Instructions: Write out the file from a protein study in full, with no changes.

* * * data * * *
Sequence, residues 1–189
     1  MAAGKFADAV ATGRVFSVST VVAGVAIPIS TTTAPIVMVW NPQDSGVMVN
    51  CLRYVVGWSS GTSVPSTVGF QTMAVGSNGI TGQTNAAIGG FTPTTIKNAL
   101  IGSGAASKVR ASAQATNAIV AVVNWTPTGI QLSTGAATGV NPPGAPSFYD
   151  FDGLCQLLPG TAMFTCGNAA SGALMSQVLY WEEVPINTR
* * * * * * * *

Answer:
Sequence, residues 1–189
     1  MAAGKFADAV ATGRVFSVST VVAGVAIPIS TTTAPIVMVW NPQDSGVMVN
    51  CLRYVVGWSS GTSVPSTVGF QTMAVGSNGI TGQTNAAIGG FTPTTIKNAL
   101  IGSGAASKVR ASAQATNAIV AVVNWTPTGI QLSTGAATGV NPPGAPSFYD
   151  FDGLCQLLPG TAMFTCGNAA SGALMSQVLY WEEVPINTR